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Thursday, May 5, 2016

Christmas tradition can be found at Clay County Fairgrounds

Monday, December 3, 2001

Families in search of a new Christmas tradition will be able to find it at the Clay County fairgrounds this December.

Among the many facets expected to take center stage at the fairgrounds next month are a live nativity scene, Santa and Mrs. Claus, sleigh rides and several new lighting displays.

"Our goal is to have a truly unique Christmas experience out here," explained Phil Hurst, fair manager.

The soon-to-be unveiled holiday attraction will be open to the public on the weekends of December 8 - 9, 15 - 16, and 22 - 23. While tentative plans are to remain open from 5 until 9 p.m., each of those evenings, Hurst said hours may be extended if the event proves successful.

An intriguing lighting display will await visitors who enter the main gate of the fairgrounds. Soldiers will greet families at the main gate, which will be lit to resemble a castle.

Once on the fairgrounds, families will have the chance to participate in several activities in the KICD building, view lit tractors on the fairgrounds and observe a live nativity scene in the stable.

The building hosting the Smoky Mountain Central Railroad will be lit on the outside with a new train designed from Christmas lights. Inside, Hurst said Kay Payne's extensive Santa Claus doll collection, Lori Taylor's nutcracker collection and a large teddy bear collection will be displayed.

In addition, animated elves will be preparing for Christmas and working on train cars inside the enclosed glass area housing the train.

"We're also changing the train and we're building a whole new winter scene," added Hurst.

He explained volunteers Jim Bonnstetter, Connie Purchase, Steve Zimmerman, Jim Morony and Dave Gustin have spent many hours winterizing the railroad and building a new city since the Clay County Fair concluded in mid-September.

Children will also have plenty of appealing attractions to keep them fascinated in the depot building.

Besides having the opportunity to make a gift bag and personalized elf and snowman ornaments for a nominal fee, Santa Claus will appear in a special railroad depot constructed by fairgrounds maintenance crew members Vern Pepper, Jerry Crabtree and Jim Cox. Kids will have the chance to perch on Santa's lap and have their picture taken, also for a small charge.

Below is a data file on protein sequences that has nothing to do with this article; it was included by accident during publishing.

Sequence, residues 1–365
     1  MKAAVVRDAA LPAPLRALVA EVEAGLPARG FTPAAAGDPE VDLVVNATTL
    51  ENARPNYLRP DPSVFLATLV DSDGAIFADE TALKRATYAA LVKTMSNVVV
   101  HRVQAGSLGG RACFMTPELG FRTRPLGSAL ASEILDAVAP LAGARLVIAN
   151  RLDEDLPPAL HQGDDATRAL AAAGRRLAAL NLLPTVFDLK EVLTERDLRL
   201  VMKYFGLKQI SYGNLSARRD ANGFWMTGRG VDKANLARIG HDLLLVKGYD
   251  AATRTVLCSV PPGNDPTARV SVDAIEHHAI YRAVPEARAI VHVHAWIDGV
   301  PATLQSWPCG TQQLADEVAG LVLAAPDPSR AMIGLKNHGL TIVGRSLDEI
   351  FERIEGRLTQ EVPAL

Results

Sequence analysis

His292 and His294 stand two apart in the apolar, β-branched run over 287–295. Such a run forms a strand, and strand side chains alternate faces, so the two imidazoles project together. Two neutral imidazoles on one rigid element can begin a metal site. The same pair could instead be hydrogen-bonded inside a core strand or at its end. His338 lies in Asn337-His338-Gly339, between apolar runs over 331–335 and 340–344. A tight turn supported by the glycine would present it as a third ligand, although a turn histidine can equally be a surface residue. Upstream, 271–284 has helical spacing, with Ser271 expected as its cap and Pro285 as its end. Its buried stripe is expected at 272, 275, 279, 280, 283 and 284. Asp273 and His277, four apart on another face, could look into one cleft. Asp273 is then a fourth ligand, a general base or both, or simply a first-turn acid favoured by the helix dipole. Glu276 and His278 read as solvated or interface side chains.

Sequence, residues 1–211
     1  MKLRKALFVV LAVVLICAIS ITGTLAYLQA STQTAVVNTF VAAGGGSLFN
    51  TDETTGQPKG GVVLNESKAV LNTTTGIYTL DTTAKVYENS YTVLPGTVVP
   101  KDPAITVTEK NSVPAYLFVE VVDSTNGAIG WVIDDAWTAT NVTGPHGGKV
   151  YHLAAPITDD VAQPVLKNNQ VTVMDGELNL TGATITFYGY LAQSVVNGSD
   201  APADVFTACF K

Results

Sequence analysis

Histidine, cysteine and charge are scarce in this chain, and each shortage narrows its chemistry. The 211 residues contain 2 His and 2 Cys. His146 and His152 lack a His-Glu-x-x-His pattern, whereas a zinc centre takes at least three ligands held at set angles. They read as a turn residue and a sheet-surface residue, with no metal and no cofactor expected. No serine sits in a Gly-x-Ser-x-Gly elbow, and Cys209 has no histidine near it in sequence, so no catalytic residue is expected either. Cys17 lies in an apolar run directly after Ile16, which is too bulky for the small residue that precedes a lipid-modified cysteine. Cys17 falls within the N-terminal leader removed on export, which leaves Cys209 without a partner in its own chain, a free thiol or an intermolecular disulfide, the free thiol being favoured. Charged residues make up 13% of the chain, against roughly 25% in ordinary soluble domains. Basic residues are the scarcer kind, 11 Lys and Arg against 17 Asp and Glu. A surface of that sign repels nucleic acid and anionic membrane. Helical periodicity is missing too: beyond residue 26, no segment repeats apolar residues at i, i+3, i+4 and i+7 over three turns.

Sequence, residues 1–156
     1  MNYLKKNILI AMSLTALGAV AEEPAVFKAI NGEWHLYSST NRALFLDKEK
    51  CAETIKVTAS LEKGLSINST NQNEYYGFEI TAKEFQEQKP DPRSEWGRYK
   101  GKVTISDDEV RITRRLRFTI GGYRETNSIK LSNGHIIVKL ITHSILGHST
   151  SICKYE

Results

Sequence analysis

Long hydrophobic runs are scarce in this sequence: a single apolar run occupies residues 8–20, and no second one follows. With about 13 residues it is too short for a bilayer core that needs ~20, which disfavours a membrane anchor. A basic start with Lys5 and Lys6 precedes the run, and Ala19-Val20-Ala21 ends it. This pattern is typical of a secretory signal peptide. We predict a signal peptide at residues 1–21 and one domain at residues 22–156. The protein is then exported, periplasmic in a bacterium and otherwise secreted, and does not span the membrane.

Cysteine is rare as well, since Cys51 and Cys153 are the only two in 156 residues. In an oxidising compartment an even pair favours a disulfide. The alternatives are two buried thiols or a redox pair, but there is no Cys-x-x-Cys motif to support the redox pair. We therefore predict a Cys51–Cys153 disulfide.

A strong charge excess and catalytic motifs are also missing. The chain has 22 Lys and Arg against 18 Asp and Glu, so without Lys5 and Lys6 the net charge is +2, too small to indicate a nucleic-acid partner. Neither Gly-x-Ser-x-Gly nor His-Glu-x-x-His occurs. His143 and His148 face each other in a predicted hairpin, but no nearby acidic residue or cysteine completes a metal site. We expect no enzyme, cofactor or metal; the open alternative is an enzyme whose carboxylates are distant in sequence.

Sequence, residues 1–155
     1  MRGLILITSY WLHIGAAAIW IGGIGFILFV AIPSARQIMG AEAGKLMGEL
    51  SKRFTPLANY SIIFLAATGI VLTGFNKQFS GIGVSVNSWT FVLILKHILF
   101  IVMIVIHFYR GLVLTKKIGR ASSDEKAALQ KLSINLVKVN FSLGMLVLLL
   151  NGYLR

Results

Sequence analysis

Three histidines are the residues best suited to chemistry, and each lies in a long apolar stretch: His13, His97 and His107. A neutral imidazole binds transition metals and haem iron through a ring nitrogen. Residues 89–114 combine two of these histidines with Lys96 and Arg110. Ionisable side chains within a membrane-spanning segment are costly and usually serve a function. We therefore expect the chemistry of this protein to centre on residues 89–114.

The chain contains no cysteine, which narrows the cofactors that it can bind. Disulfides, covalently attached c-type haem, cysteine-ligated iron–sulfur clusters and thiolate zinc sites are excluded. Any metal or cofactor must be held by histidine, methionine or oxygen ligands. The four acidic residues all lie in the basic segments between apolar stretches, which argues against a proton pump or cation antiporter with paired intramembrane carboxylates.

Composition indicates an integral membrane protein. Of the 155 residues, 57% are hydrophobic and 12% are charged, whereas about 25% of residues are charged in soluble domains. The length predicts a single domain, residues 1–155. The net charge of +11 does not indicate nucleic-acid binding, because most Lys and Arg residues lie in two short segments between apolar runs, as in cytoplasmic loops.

Mrs. Claus will be making homemade cookies each weekend. In addition to the fresh cookies, hot chocolate and cider will be available to satisfy family members taste buds.

A life-sized horse and sleigh will be on display in the depot building.

Just added different artists will be featured in the building each weekend.

Kay Kracht of Kay's Kakes is slated to decorate cookies and cakes on December 8 and 9. She will have special cookies available for sale.

Del's Garden Center will be stationed in the northwest corner of the building. Staff is expected to highlight different holiday decorating ideas.

"It's our hope at least one weekend, probably the last weekend, we're looking at having sleigh rides," added Hurst. "So you can either (go) on a horse drawn sleigh or a wagon (depending on the snowfall) and have a ride from this building up to the live nativity scene."

The nativity scene, which will be featured on December 22 and 23, will be located in the stable on the fairgrounds.

Hurst explained planning an preparations for the new Christmas time experience began over a year ago when fair board members traveled to Des Moines for an annual meeting and toured the well-known Make-A-Wish Foundation lighting display at Des Moines Water Works' park.

"The executive board has told me to make sure that we do it in such a way that it reflects the values of the Clay County Fair and gives people the same positive experience that they have at the fair," added Hurst. "Our real goal is this, just as we are a destination for people in September, we also want to be a destination at Christmas time."

He added to hope is for this holiday time attraction to grow each year.

"We want to do everything possible to wet the appetite for what is to come," said Hurst. "In the first three years we'll have a need for the greatest growth each year."

While there will be no cover charge to enter the fairgrounds for this holiday attraction, the fair manager said donations will be accepted to cover the costs incurred with its implementation.

Groups interested in volunteering or possibly completing a service project are encouraged to call the fair office at 262-4740.